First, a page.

With his size, stuff, and mechanics, Turner is almost a blueprint for what scouts look for in a high school arm. His fastball sits at 92-95 mph, but he touched 97-98 on several occasions this spring, and that could become more common as he matures. His slow, looping curveball features heavy break, and he already has good arm action on his changeup. He's highly poised and mature beyond his years.

Let's see.  Hard-throwing RHP with a sizzling fastball, knee-buckling curve and show-me change?  Who does that sound like?

 Bingo. Turner will make his pro debut in 2010, probably in Low-A ball.  Another name to watch in the Tigers' system is LHP Casey Crosby, who is coming back from Tommy John surgery. BP notes that Crosby can touch 97 mph consistently with his fastball, and profiles as a top-of-the-rotation starter or a power-lefty closer.  I think Detroit would take either, no?  Crosby will start 2010 in High-A Lakeland.

The last name to note is 2B Scott Sizemore, a hard-hitting infield prospect on the verge of hitting the big leagues in 2010.  Sizemore posted a .307/.402/.535 in Double A and .308/.378/.473 in Triple A.  His defense is scouted as subpar, but his bat is solid and he should hit at the major league level when the Tigers give him the opportunity.

2011 Free Agency and Salary Outlook
Via the invaluable Cot's Baseball Contracts, we see that the Tigers have 55M committed to the 2011 payroll. $32M of that will go to Cabrera and Verlander, money well-spent, and $20M of it will go to Guillen and Valverde.  Money...less well-spent.  Galarraga and Rayburn will also be arb-eligible for the first time in 2011, and Zumaya and Miner should see significant raises as well.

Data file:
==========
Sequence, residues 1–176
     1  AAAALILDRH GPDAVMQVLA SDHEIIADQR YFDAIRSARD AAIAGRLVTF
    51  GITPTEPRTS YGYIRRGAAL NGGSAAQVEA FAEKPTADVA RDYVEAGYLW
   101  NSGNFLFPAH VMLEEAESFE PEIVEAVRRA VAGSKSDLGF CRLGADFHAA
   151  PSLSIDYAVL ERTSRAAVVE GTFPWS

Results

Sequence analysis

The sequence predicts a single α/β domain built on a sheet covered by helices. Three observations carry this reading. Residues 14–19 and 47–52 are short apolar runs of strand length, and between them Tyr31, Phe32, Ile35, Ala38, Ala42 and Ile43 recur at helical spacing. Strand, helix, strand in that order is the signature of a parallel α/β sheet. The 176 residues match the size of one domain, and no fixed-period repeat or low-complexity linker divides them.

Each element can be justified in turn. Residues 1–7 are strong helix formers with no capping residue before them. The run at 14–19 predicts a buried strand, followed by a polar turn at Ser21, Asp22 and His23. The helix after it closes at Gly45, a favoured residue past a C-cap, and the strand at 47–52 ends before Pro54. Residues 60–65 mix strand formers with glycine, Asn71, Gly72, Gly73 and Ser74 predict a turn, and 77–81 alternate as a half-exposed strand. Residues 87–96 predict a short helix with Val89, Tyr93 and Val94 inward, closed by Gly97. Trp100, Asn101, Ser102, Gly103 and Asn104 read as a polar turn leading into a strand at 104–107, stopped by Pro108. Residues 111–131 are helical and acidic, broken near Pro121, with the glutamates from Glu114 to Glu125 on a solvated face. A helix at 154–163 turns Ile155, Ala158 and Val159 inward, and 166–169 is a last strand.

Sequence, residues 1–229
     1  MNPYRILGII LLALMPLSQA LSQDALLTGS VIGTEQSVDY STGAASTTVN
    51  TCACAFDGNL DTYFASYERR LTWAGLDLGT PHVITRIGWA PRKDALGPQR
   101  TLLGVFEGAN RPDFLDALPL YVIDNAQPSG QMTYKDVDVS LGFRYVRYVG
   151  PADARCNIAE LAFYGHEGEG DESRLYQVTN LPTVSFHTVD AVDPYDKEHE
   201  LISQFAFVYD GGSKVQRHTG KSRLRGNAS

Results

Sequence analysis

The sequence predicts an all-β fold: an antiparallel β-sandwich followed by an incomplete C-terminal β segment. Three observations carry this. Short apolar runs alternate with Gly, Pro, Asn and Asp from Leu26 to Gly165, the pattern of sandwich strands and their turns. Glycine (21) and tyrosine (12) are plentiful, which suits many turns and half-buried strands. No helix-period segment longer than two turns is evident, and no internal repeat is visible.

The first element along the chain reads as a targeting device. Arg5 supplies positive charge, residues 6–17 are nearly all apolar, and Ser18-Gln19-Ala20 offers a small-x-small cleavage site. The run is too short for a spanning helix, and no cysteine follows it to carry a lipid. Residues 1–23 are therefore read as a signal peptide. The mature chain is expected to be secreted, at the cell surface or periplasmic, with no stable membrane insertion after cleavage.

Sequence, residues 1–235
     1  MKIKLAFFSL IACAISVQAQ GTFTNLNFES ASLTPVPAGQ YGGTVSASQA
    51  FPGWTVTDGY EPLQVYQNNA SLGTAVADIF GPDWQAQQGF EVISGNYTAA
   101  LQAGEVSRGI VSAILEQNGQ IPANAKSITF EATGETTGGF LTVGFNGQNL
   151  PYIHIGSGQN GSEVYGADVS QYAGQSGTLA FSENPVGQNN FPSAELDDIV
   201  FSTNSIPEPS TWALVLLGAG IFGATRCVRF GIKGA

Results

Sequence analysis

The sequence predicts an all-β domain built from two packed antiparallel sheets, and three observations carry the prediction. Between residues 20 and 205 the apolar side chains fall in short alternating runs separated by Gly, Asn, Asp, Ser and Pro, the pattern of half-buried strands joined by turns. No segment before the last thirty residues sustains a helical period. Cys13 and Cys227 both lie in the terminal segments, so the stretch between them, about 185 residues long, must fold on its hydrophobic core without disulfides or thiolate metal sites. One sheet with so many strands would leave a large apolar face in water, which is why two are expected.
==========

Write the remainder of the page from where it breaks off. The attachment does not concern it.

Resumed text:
One more detail, which I found interesting, is that Porcello could theoretically become a free agent in 2011.  He'll make almost $2M in 2010, and the Tigers have two club options on him for 2011 and 2012.  If he seems awfully young to be hitting free agency, it's because he is.  This is the downside to signing your 1st round picks to ML contracts.

If you assume that Sizemore takes the 2B job sometime in 2010, the Tigers will have Cabrera and Sizemore manning the left-side of the infield in 2011.  Both the SS and 3B (Everett and Inge) will hit the FA market in 2011.  The Tigers will also need a new LF, provided they don't resign Johnny Damon, and they may need a new RF if Ordonez's option doesn't vest.  Gerald Laird is also a FA in 2011.

The Future of the Tigers
The Tigers are an interesting case.  They have a superstar in Miguel Cabrera and some young, cheap position player talent in Sizemore and Jackson.  They have a bona fide ace in Justin Verlander, an ace-in-the-making in Rick Porcello, and some injury-prone, high-upside guys like Jeremy Bonderman.  While I questioned their decision to trade Granderson initially, I think Dombrowski is doing a decent job of fielding a competitive team in 2010 while increasing payroll flexibility going forward.  Given where the Tigers play, and the uncertainty of gate revenue going forward, this may prove to be a very wise decision.


  1. Did they get that new stadium built in the nick of time or what?

  2. Sheesh yeah. Scary. Fun fact: Prince Fielder once hit a home run in the old Tiger Stadium.

    As a twelve year old.